By the way, if you want to make your own harissa (and I highly recommend you do–it’ll keep in the refridgerator almost indefinitely), I have a harissa recipe right here.
Hope you enjoy this. It’s quite a meal!
- 1 Cup French (Le Puy) Lentils
- 4 Cups Water
- 3 Tablespoons Extra Virgin Olive Oil
- 1 Leek, white part only, cut lengthwise and sliced into ¼ inch slices
- 1 Small Yellow Onion, diced
- 3 Celery Stalks, diced about the same size and the diced onion
- 3 Carrots, diced about the same size as the diced onion
- ½ Teaspoon Kosher Salt
- 4 Cloves Garlic, peeled and minced
- ½ Teaspoon Dried Tarragon
- 1 Teaspoon Fresh Thyme
- 1 Tablespoon Coarse, Country Style Dijon Mustard
- 2 Tablespoons Sherry Vinegar
- ½ English Cucumber, peeled and grated
- 1 Cup Plain Yogurt
- 1 Teaspoon Dried Mint
- 1 Tablespoon Fresh Dill, finely chopped
- 2 Large Fennel Bulbs, cut lengthwise into eighths (a piece of stem should stay attached to hold each blade of fennel in tact)
- 3 Tablespoons Extra Virgin Olive Oil
- Pinch of Salt
- ¼ Cup Dry White Wine
- ¼ Cup Fresh Lemon Juice
- 2 Tablespoons Extra Virgin Olive Oil
- 1 Pound Wild Caught Sockeye Salmon, skin on, cut into four 4 oz. steaks
- 2 Tablespoons Harissa
- 1 Teaspoon Maple Syrup
- Chopped Flat Leaf Parsley
- Fresh Thyme
- Smoked Spanish Paprika
- Bring the water to a boil and add the dry lentils. Simmer uncovered until lentils are tender, about 15 minutes. Set aside.
- Heat the olive oil in a skillet over medium high heat. Sweat the onions, carrots, and celery with the salt until vegetables are soft. About 12 minutes. Add the garlic and herbs and cook a few minutes more. Remove from heat.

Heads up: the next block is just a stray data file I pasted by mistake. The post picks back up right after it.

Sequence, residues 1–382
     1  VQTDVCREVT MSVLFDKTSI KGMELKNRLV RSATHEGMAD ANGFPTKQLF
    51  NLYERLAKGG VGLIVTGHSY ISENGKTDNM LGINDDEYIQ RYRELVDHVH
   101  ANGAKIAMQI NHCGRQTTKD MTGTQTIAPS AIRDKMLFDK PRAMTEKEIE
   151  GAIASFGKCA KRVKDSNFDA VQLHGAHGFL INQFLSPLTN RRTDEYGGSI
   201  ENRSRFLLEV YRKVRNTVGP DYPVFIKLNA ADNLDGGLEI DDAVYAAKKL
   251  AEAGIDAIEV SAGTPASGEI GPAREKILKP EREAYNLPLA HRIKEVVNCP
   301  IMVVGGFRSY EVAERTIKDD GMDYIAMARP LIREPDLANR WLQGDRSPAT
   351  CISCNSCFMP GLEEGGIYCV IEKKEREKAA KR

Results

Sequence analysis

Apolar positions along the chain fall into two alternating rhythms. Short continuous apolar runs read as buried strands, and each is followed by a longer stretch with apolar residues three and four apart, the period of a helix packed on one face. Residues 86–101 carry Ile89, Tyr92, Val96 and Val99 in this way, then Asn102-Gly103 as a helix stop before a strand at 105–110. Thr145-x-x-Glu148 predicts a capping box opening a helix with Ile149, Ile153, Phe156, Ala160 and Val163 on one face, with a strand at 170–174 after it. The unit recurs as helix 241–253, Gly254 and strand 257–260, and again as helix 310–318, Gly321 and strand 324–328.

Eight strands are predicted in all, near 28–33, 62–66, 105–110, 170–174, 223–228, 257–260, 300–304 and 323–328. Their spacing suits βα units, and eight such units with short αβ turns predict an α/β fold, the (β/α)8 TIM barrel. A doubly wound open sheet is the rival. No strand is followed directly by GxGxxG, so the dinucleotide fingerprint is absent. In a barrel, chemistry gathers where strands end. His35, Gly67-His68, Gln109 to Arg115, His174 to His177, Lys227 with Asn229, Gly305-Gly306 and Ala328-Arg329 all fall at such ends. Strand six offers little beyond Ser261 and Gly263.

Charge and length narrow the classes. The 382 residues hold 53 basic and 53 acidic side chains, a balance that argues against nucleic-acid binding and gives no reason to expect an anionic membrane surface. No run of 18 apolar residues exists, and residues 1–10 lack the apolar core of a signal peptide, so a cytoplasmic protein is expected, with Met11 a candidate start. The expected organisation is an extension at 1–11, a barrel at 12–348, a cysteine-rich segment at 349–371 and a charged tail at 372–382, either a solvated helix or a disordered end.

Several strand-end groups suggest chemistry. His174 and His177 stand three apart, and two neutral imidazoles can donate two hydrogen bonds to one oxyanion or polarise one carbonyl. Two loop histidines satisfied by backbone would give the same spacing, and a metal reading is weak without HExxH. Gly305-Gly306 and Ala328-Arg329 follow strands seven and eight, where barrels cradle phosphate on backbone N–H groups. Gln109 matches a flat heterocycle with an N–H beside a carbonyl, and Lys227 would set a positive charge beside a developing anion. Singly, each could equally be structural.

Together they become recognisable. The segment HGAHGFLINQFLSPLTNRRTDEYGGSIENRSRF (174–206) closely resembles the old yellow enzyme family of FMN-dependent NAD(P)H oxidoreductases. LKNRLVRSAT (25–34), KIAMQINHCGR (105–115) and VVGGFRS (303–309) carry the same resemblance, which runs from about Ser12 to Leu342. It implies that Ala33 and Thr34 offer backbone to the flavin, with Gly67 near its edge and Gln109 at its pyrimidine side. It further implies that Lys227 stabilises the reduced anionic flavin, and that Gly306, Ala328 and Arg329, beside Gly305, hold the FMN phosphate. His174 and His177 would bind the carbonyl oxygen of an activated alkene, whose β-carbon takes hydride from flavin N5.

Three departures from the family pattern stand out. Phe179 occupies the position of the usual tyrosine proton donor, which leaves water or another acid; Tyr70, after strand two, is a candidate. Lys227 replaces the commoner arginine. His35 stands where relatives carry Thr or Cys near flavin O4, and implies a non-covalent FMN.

- Add the vegetable mixture to the lentils along with the mustard and vinegar. Stir to combine.
- Add the cucumer, mint, and dill to the yogurt. Mix well and allow to sit (can be made a day a day ahead of time).
- Heat olive oil in a skillet over medium heat. Add the fennel pieces and salt and saute, turning occasionally, until surfaces of fennel are caramelized (about 12 minutes).
- Add the wine and lemon juice and cover skillet. Reduce heat to low and allow to simmer until fennel is soft, about 10 minutes. Remove from heat.
- Mix together the harissa and maple syrup.
- Dry the skin side of the salmon fillets completely. Distribute the harissa-maple glaze mixture equally to the flesh side of the four fillets.
- Add the olive oil to a skillet over high heat. Heat until the oil is shimmering hot but not smoking (this is important to get a nice caramelized sear).
- Add the salmon skin side down, two pieces at a time, leaving a decent amount of space between them. Press the fillets firmly onto the cooking surface to get a good sear.
- Allow the salmon to sear until you can see the fish is turning opaque and cooked most of the way up the sides. The fleshy surface may be turning opaque on the thinner sections as well. Most of the cooking occurs on this side, since the skin is tough and protects the fillet.. You’ll flip the fish only to quickly finish the other. You’re going to want to peek at the seared skin side early. Fight this urge! You need to be patient here. You want a good caramelized sear on the surface. Also, like all proteins, the fish will stick to the pan when you first add it. If you try to flip it, It’ll tear the skin. Wait! After it cooks and caramelizes well, it’ll loosen up.
- Flip the fillets and allow them to finish cooking (probably just another two or three minutes. Remove from the pan and place on a sheet of newsprint or paper towel skin side up to absorb the oil. Skin side up is key. You worked hard to make that crispy brown skin. If you place it skin side down it’ll steam and get soggy on you.
- Place a quarter of the lentils on a plate.
- Add two fennel quarters to the plate.
- Add one salmon fillet skin side up to the plate.
- Add a dollop of yogurt and garnish with parsley, fresh thyme, and a sprinkle of paprika.
- You’ll notice I added a few steamed carrots to mine too. That’s optional.